Yes, if the individual boards were already flat and free of twist, cup and bow, it would be pointless. What is being discussed is that some makers face joint individual panel boards for the purpose of flattening them before gluing them to the mating boards in the panel. When you flatten the face of a board on a jointer, the second step is to run that flattened face down on the planer bed to transfer that flatness and straightness to the opposite face of the board. Although this practice is time consuming and definitely not a production technique, it is amazing how flush you are able to glue up the boards in a multi board panel when they have been dressed out this way. I am often able to do a little glue scraping and light finish sanding to have such a panel ready for finish.


From the original questioner:
I get what you're saying. For some of the species that I use, panel first, plane second would definitely be possible (and faster). Seems like 20% of the lumber that I get is too "non-flat" to use for frame parts, but does work for panels if it is cut to rough length and flattened first. With dedicated facing setup, this is not a huge slowdown.


From contributor R:
I start out with 13/16'', sometimes gluing up 8 ft long boards. Sometimes I rough cut to panel length. I either plane to 5/8'' or back cut them if I get them flat before 5/8, and I'm talking raised panel. I did not mean to knock small machinery, but I have learned the larger and more costly the machine, the easier it is and more money it produces.


From the original questioner:
I agree - the right production equipment is a must for making money. I'm looking at going from my 20" shelix planer to a 24" model, which is one reason I was asking about panels. All of my doors finish at 13/16", so that is another factor. It is one more thing that sets me apart to the customer. It's a subtle perceived quality thing, but it does mean that I have less wiggle room in my stock flatness. I'm starting with H&M 15/16" for most everything.


From contributor R:
I have the 20'' straight knife, and was hoping to move to the Byrd schelical head. Does your shelical head work as they claim? The bad thing is that doors have bottomed out in price. The only way they can get any lower in cost is that they come from China. I guess you would need more than 20'' if doing frameless boxes. But I'm getting by with my 20'' on face frame cabinets and building doors 24'' with 1/2'' overlay. Most door manufacturers are calling 22'' the normal, and anything over 22'' is an upgrade. I would really like a 37'' wide belt so I could build 36'' entry doors, but the truth is I can get an oak or mahogany from South America for about what the lumber and glass would cost me, so I can't see dropping that dough.


From the original questioner:
The shelix head does work well, like they say. Minimal tear-out (although I did get maybe 5% of a recent 1200 BF ribbon grain African mahogany run get bad tear out on grain reversals). Seems to like more horsepower than straight knives. Quiet. Forget about "reading" the grain - just shove stuff through. I just ordered a custom head for my facing jointer.


The comments below were added after this Forum discussion was archived as a Knowledge Base article (add your comment).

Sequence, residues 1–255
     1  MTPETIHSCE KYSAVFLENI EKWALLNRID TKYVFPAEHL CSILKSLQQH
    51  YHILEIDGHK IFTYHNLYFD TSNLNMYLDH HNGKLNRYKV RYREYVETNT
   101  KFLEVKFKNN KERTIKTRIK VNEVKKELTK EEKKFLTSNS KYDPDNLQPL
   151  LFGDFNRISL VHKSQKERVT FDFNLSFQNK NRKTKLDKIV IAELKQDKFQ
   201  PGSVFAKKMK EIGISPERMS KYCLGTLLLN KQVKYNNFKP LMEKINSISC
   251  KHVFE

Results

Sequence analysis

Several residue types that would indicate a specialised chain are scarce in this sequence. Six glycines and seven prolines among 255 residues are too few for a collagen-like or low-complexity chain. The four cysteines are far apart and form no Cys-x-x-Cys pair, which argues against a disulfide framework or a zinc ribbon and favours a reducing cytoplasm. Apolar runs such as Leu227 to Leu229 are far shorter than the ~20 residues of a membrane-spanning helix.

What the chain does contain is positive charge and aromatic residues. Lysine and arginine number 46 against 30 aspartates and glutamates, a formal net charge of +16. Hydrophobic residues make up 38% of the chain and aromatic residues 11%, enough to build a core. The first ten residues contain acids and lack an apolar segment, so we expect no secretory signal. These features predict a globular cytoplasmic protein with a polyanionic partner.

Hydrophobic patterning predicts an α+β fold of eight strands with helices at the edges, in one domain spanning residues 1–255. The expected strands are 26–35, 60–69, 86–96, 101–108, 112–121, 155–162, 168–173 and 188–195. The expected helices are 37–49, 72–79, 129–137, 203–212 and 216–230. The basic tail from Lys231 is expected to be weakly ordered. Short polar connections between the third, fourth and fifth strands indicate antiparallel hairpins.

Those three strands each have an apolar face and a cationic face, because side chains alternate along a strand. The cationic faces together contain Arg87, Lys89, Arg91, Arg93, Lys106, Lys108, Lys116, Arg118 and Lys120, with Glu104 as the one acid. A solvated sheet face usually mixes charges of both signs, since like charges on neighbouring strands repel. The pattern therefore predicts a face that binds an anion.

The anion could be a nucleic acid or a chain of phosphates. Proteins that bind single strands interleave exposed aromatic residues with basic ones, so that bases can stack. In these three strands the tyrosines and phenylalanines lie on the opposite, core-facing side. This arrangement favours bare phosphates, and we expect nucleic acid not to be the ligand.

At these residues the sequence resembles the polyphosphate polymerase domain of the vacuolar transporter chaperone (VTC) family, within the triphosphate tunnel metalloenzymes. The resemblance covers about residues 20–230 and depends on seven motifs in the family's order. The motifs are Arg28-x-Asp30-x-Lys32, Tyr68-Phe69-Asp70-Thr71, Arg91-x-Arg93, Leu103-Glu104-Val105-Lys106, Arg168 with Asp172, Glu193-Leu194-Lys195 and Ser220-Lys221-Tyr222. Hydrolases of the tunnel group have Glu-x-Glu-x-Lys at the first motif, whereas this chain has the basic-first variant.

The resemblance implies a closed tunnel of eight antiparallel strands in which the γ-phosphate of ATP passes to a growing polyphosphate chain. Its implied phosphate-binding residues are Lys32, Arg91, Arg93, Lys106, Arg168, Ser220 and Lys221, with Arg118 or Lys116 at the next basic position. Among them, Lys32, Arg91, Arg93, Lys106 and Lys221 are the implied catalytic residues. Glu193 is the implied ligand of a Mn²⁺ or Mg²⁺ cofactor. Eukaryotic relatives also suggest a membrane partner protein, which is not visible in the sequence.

Comment from contributor E:
All of this starts at the stock selection and unfortunately that selection is getting poorer by the year. Younger trees, compression wood (trees that grew at a marked slant in the forest) that would never have been harvested in the past and accelerated drying schedules all contribute negatively to lumber that is just inferior in quality. In the beginning I rejected and sent back to my supplier more than 20% of the stock I get. Now they know I do that and select it with a keener eye for me so the number is closer to 5%. Does every shop get that treatment? I doubt it, but I do because I insist on it. I also ask them to skip-dress my stock at least two days before it is delivered so that I can note any twisting that results in removing the shell (first dress) before it hits my rack. It's easier to reject a piece on the truck than do the paperwork to send it back later.

As to the machinery: let's not forget that a planer or a widebelt cannot and does not flatten anything. They smooth one side only. Yes, there is a certain amount of flattening done but the simple fact is that if we do not choose our stock carefully, joint it (without power feeders, they won't take any real twist out of a board-just cup) with either a jointer (if you buy a big one get a really big one - say 20" and set the fence at a 15 degree slant to the blade. It kicks the crap out of any helical blade I have ever used because it slices the wood like a knife to get the absolute best results very quickly. Not enough throughput for your shop? Get a double sided planer with a carpet or pin feeder. It is the only planer system that will actually flatten a board or a panel on both sides in one pass. I think they are available up to 30" and the smaller ones can be had a less than $30k.

New whiz-bang machinery is great and can make us all more money in volume, but let's not get all that far from the basics of wood mechanics. After all, these methods have been worked out over centuries and have some powerful truth attached to them. Wide belt sanders, huge capacity planers and other machinery can make it seem we have succeeded in producing a quality product but came back to an entry door that you fabricated for a New England beach house ten years later and tell me how straight it still is, or whether it is still sound at the joints - that's our test.